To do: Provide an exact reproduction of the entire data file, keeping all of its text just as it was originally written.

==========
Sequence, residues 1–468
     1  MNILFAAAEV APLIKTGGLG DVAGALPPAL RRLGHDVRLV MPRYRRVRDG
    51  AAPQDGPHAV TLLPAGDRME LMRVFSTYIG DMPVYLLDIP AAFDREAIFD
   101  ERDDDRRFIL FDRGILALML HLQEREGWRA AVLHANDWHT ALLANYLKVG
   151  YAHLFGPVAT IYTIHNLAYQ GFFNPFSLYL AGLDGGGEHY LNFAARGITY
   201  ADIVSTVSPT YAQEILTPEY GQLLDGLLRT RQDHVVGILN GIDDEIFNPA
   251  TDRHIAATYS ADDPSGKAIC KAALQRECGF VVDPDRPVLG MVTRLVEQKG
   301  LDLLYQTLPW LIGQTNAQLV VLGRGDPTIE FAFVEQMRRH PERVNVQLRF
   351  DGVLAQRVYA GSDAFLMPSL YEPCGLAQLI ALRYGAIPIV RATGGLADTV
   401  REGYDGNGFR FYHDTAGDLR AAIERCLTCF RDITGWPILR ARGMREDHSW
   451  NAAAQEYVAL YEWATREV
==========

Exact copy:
Sequence, residues 1–468
     1  MNILFAAAEV APLIKTGGLG DVAGALPPAL RRLGHDVRLV MPRYRRVRDG
    51  AAPQDGPHAV TLLPAGDRME LMRVFSTYIG DMPVYLLDIP AAFDREAIFD
   101  ERDDDRRFIL FDRGILALML HLQEREGWRA AVLHANDWHT ALLANYLKVG
   151  YAHLFGPVAT IYTIHNLAYQ GFFNPFSLYL AGLDGGGEHY LNFAARGITY
   201  ADIVSTVSPT YAQEILTPEY GQLLDGLLRT RQDHVVGILN GIDDEIFNPA
   251  TDRHIAATYS ADDPSGKAIC KAALQRECGF VVDPDRPVLG MVTRLVEQKG
   301  LDLLYQTLPW LIGQTNAQLV VLGRGDPTIE FAFVEQMRRH PERVNVQLRF
   351  DGVLAQRVYA GSDAFLMPSL YEPCGLAQLI ALRYGAIPIV RATGGLADTV
   401  REGYDGNGFR FYHDTAGDLR AAIERCLTCF RDITGWPILR ARGMREDHSW
   451  NAAAQEYVAL YEWATREV